A swollen knee in a patient with refractory anaemia
AbstractCASE REPORT A 63-year old man with refractory anaemia with excess of blasts and a history of heart failure, diabetes and hyperuricaemia, presented with pain, warmth and swelling in the left knee. Blood sample showed white cell blood count 3,840/μL (normal formula), haemoglobin 7.1 g/dL, platelets 117,000/L, eritrosedimentation rate 66 mm/h, normal serum creatinine and uric acid. He had no history of neutropenia, fever or recurrent infections. X-ray of the knee did not show any erosion or lytic lesion. Arthrocentesis produced turbid fluid, with elevated cell count (81,000/μL, mainly polimorphonuclear cells), no urate crystals, normal chemical pattern, sterile culture. Synovial fluid smear showed a huge neutrophilic cellularity with scattered mononuclear cells looking like medullar myeloid blasts. The microscopic examination identified a myeloid infiltration as the cause of arthritis.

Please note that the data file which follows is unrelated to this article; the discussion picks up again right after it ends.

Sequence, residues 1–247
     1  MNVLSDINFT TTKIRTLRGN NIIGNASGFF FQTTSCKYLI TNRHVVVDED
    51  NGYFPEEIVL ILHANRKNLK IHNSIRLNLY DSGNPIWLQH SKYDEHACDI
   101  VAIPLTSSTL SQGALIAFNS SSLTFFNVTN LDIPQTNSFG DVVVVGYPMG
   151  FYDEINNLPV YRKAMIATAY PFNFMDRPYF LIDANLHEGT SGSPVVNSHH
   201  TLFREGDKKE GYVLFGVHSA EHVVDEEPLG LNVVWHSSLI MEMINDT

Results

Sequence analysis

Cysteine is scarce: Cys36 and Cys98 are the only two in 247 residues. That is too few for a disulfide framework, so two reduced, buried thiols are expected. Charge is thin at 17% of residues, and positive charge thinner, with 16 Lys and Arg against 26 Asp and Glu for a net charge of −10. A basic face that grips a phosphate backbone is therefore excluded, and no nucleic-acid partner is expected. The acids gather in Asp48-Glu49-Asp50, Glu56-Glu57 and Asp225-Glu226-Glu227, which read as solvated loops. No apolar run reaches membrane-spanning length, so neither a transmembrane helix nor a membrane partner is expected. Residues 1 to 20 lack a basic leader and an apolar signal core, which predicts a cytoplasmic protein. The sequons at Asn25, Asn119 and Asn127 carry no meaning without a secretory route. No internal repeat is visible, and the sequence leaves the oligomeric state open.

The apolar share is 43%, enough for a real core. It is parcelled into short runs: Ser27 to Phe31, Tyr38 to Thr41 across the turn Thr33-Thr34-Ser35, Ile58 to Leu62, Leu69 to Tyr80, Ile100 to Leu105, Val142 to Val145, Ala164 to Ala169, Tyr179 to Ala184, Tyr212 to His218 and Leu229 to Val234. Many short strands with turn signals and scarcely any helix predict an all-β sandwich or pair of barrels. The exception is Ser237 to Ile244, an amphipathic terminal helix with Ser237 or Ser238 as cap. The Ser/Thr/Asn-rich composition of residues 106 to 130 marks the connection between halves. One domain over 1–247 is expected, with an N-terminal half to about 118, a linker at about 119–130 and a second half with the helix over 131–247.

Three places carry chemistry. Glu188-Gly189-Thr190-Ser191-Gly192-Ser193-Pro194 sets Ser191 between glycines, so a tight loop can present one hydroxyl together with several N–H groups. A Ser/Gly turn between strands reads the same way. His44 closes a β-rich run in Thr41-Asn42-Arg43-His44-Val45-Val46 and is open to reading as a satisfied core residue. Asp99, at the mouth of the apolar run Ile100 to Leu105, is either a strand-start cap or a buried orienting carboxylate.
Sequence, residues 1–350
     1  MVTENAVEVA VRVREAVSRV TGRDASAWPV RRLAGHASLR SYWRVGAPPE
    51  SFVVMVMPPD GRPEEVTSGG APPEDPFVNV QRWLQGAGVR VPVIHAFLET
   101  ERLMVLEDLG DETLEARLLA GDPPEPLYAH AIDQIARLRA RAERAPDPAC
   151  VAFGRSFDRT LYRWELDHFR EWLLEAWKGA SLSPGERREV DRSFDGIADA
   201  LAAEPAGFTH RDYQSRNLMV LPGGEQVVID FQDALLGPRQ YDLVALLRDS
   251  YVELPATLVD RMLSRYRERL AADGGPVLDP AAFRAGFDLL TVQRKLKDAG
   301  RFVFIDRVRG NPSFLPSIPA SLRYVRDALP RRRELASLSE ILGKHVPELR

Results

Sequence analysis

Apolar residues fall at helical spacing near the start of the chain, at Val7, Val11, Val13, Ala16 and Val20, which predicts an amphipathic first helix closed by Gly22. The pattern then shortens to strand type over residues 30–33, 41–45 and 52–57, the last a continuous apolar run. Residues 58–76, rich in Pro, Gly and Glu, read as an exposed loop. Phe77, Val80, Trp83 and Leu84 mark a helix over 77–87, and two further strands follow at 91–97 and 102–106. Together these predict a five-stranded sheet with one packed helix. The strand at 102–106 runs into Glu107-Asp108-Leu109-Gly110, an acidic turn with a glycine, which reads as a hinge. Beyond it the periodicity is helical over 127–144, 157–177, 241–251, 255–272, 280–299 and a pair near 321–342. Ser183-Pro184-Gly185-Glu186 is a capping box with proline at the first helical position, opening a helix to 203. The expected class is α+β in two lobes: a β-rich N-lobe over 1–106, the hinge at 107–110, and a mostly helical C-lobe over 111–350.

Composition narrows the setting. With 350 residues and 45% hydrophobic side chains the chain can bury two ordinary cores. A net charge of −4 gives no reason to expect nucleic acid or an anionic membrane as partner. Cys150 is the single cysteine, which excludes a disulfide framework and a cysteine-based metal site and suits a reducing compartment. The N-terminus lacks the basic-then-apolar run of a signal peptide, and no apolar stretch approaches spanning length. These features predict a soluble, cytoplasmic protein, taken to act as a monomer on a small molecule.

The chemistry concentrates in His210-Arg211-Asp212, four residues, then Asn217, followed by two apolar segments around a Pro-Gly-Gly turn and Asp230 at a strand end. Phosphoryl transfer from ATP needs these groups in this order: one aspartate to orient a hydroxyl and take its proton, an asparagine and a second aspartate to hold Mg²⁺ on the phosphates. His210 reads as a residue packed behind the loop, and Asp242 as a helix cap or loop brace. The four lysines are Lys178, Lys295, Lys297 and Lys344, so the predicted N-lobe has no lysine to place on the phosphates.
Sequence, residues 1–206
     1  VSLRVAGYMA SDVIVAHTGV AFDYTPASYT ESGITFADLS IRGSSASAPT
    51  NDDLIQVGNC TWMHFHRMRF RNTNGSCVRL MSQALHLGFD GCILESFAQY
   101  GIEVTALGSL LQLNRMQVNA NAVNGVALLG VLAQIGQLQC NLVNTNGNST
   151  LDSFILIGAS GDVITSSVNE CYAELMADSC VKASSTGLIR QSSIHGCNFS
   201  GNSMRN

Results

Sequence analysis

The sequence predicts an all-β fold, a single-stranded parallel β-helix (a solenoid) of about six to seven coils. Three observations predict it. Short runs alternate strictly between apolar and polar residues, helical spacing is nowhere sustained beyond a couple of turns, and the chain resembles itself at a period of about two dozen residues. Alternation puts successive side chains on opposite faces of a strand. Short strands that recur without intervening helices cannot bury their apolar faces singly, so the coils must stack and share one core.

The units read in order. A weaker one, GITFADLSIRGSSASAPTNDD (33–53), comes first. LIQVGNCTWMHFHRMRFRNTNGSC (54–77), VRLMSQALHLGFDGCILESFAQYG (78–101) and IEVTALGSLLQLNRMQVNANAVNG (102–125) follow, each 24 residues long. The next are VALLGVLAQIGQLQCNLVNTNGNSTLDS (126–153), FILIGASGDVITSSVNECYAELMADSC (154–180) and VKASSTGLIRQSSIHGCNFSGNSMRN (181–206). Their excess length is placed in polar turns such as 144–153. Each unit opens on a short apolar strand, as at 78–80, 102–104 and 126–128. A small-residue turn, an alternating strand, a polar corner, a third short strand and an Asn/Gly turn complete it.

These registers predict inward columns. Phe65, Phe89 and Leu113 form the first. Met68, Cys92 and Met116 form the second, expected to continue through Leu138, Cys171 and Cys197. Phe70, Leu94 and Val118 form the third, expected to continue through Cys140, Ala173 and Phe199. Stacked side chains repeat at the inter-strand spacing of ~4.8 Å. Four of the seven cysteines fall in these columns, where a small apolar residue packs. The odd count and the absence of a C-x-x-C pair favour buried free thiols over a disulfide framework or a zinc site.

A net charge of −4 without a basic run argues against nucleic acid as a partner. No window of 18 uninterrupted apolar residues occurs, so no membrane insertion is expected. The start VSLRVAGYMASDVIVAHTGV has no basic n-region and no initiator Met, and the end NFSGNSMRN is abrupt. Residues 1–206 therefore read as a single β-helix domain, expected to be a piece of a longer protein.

DISCUSSION AND CONCLUSIONS Rheumatic phenomena in myelodysplastic syndromes have a prevalence of 10% and include vasculitis, neuropaties, glomerulonephritis, lupus-like syndrome, inflammatory bowel disease, lung infiltrates and arthritis. The pathogenesis is usually autoimmune, as in all paraneoplastic syndromes. In our case, arthritis was due to a direct invasion of blasts. This phenomenon is rarely observed in acute leukemias and was not described yet in myelodysplastic syndromes. Synovial fluid analysis is critical to define the ethiology of an articular effusion, microscopical examination is strongly recommended but it is not always carried out. This case shows how simple diagnostic tests can easily disclose rare conditions.
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Copyright (c) 2013 P. Bordin, C. Volpe, G. Anzil, R. Damato, C. Di Loreto
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